Tuesday, March 3, 2009
MARINE BIO: INTRO TO Echinoderms (Phylum: Echinodermata)
Fossil range: Cambrian - present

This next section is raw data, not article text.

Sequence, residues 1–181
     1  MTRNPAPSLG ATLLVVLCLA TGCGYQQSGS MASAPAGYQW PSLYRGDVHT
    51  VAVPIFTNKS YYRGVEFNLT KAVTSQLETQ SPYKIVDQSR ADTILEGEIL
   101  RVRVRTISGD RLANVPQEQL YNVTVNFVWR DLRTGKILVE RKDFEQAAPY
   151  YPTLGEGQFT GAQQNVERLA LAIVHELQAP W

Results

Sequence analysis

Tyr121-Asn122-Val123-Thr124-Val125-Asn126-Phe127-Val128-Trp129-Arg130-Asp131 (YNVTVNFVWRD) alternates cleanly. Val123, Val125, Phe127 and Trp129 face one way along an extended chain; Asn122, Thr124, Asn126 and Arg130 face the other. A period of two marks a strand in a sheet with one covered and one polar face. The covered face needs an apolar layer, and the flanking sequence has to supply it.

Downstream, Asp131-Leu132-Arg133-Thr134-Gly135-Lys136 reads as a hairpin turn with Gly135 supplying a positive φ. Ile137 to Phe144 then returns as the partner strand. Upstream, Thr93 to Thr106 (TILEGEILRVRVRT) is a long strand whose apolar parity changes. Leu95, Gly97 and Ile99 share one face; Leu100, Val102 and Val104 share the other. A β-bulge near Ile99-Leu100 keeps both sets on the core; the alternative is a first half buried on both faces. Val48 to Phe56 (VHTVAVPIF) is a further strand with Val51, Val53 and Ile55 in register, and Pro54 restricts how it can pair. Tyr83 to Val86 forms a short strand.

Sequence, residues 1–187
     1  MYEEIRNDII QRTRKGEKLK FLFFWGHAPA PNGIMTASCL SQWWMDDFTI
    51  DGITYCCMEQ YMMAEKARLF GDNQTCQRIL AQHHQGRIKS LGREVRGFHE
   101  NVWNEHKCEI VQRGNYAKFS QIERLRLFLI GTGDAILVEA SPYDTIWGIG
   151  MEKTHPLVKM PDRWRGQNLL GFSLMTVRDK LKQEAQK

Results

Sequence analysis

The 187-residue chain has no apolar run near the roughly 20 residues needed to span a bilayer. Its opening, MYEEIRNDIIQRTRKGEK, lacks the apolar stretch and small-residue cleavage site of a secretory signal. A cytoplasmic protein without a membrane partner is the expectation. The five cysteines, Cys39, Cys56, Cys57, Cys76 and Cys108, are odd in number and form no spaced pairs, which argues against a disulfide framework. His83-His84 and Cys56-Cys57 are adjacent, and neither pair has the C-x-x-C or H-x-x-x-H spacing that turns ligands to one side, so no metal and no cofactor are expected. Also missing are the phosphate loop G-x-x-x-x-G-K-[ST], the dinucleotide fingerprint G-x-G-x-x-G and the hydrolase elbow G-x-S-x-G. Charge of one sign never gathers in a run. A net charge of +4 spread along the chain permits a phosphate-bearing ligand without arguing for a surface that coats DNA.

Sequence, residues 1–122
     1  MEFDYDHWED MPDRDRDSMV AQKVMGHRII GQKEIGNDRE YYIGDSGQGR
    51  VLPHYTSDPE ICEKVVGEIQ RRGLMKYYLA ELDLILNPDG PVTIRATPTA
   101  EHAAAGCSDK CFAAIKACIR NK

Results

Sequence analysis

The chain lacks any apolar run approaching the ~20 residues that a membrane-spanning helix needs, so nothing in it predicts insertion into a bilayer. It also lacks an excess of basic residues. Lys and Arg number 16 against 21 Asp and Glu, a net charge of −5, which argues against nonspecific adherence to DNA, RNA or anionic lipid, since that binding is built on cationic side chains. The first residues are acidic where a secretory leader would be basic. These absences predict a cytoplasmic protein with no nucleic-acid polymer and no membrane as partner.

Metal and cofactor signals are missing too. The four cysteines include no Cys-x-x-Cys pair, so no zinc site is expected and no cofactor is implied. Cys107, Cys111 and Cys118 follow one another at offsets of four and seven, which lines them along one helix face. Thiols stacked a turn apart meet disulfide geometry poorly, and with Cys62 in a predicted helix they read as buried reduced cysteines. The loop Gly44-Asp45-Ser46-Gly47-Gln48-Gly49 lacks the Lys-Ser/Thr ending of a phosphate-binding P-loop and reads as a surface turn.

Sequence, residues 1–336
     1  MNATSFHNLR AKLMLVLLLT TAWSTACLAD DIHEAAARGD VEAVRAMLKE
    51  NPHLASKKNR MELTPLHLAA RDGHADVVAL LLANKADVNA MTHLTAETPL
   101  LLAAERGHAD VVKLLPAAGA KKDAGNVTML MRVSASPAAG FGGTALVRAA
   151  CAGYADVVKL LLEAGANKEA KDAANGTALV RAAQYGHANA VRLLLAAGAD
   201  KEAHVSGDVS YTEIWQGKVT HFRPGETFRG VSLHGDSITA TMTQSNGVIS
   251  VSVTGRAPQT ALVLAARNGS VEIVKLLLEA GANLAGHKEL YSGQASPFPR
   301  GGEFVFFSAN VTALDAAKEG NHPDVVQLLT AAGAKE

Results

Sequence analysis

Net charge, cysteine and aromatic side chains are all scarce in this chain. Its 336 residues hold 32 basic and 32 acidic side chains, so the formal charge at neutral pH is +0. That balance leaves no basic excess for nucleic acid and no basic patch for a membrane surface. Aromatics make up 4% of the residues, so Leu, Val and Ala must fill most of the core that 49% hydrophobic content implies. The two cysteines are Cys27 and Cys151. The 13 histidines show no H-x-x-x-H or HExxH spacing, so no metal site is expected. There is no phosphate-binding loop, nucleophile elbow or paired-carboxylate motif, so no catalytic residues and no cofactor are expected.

Echinoderms (Phylum Echinodermata) are a phylum of marine animals (including sea stars). Echinoderms are found at every ocean depth, from the intertidal zone to the abyssal zone. Aside from the problematic Arkarua, the first definitive members of the phylum appeared near the start of the Cambrian period. The phylum contains about 7,000 living species, making it the second-largest grouping of deuterostomes, after the chordates; they are also the largest phylum that has no freshwater or terrestrial representatives. The word derives from the Greek εχινοδέρματα (echinodermata), plural of εχινόδερμα (echinoderma), "spiny skin" and that from εχινός (echinos), "sea-urchin", originally "hedgehog" + δέρμα (derma), "skin". The Echinoderms are important both biologically and geologically: biologically because few other groupings are so abundant in the biotic desert of the deep sea, as well as the shallower oceans, and geologically as their ossified skeletons are major contributors to many limestone formations, and can provide valuable clues as to the geological environment. Further, it is held by some that the radiation of echinoderms was responsible for the Mesozoic revolution of marine life. Two main subdivisions of Echinoderms are traditionally recognised: the more familiar, motile Eleutherozoa, which encompasses the Asteroidea (starfish), Ophiuroidea (brittle stars), Echinoidea (sea urchins and sand dollars) and Holothuroidea (sea cucumbers); and the sessile Pelmatazoa, which consists of the crinoids. Some crinoids, the feather stars, have secondarily re-evolved a free-living lifestyle. A fifth class of Eleutherozoa consisting of just two species, the Concentricycloidea (sea daisies), were recently merged into the Asteroidea. The fossil record contains a host of other classes which do not appear to fall into any extant crown group.